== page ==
Science and nature are a consistent theme in Downes’s titles. (Golden’s Jump Minzi Jump was inspired by a wildcat in a David Attenborough documentary – he has since named one of his own cats Minzi in tribute). Is the music itself inspired by the natural world? “I guess what I really like is the natural process,” Downes says, “in terms of letting the subconscious be able to go for it. I’m massively into the idea that the only thing stopping you being a natural process is yourself. Paul Bley talks about the ‘freedom of the fingers’, where the only thing holding you back is your learned pattern, and your struggle to deal with that is what defines your language.”

What tricks does he use as an improviser to unlock that process? “Listening,” he says without hesitation. Downes calls Gourlay and Maddren “the best listeners I know for a rhythm section. They listen in a very deep way – they shape what they’re doing around you to give it momentum, so you never feel like you’re having to pull something along, it’s just this flow of energy.”

Downes considers himself “very privileged” to be part of a thriving UK jazz scene: in addition to the quintet, he plays with bands including Troyka, The Golden Age of Steam, Neon Quartet and Nostalgia 77. “I genuinely think that some of the music from Britain is the most happening in the world right now, and some of my peers and contemporaries are leading musicians in their field. There’s some really high-end shit going on. I think what stops that getting out sometimes is our island mentality – not seeing ourselves as culturally part of Europe.”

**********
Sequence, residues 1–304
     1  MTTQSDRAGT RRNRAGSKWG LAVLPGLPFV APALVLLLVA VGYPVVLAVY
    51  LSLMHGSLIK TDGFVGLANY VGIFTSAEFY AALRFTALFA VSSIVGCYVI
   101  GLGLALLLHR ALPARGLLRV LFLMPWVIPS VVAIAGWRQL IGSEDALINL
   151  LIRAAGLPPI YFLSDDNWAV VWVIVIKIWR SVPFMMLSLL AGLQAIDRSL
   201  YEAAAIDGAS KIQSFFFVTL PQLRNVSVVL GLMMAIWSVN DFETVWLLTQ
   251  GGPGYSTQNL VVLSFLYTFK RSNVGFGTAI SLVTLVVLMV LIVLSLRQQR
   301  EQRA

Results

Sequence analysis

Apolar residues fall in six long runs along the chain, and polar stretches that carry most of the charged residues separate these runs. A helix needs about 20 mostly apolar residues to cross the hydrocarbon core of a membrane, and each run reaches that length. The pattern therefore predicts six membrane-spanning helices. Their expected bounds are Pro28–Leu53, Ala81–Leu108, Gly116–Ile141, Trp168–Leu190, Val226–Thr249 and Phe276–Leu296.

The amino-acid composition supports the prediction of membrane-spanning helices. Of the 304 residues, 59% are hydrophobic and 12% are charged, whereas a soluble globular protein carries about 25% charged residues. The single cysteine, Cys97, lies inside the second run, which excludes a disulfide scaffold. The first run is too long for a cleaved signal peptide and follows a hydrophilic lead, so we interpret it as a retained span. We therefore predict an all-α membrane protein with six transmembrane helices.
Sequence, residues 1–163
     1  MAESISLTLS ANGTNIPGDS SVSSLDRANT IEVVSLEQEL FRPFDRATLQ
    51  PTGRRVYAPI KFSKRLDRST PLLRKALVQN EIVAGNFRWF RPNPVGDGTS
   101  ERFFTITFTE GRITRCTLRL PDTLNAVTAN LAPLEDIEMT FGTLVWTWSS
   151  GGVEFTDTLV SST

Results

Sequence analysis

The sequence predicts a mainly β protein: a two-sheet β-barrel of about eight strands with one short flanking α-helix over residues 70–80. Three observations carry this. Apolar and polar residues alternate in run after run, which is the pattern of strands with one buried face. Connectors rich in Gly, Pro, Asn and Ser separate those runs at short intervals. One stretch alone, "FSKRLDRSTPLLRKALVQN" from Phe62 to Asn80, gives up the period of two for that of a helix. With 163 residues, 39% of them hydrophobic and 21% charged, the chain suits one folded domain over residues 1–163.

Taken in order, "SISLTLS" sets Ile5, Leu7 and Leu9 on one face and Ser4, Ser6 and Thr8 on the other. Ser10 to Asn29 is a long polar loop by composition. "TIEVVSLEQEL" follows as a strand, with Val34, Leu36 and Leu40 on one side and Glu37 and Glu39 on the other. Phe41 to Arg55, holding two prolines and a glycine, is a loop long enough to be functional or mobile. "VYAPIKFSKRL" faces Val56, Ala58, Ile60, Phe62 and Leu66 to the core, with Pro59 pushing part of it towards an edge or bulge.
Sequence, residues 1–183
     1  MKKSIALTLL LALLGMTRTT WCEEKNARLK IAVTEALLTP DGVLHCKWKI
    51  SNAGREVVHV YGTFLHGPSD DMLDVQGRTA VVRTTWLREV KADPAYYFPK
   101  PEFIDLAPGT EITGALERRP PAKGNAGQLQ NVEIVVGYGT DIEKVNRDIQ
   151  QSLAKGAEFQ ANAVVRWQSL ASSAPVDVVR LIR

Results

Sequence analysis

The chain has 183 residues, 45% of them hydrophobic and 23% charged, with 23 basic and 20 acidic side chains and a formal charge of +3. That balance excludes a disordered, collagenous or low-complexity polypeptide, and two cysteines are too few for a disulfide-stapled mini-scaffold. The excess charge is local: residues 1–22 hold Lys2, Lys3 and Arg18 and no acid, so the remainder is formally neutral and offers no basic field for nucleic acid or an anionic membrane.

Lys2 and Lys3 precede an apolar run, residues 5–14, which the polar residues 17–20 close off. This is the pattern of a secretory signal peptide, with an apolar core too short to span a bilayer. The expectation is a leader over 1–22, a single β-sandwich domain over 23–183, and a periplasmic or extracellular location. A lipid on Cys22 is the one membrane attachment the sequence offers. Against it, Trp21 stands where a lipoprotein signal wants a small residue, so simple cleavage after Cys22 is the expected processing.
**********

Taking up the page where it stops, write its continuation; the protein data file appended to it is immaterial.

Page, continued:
The mainstream UK media’s hang-ups about jazz may not help either, I suggest. “I think it’s still seen that, like, free jazz from the ’60s is the most extreme form of improvising in this country,” says Downes. “I’m thinking of Peter Brötzmann or someone like that, who’s made a career out of being very intense and abrasive. That was very important when it came – and it’s still important in terms of what it represents from a certain period – but now I think it’s a little dated. Music doesn’t need to be really raw or aggressive now to be contemporary. There’s a lot of music now that is very challenging, but not in such an easy-to-pin way. If you’re a journalist, that’s fucking confusing, isn’t it?”

Being nominated for the 2010 Mercury Prize (which The xx went on to win) made Downes aware of the peculiar place jazz occupies in the British music industry. “For anyone who’s making music that’s not designed to sell a lot of albums – or not made with that explicit purpose – to be thrust in a very competitive market where you meet all the music press and all the people behind this well-oiled music machine… it’s quite an unusual experience.

“In a funny way it made me see things a lot clearer, in that I knew where I fitted in. I know I’m making music that probably a small amount of the population would get, or enjoy, or want to try out. Doing something like the Mercurys is quite a brutal way to discover that, but it’s a very effective one,” Downes laughs. “I think you either buy into it or you don’t, and I didn’t really buy into it. As a result I feel very strongly about just making whatever music I want.” Which, you suspect, is exactly what he’ll keep doing.

Light From Old Stars is released on 22 April 2013 through Basho.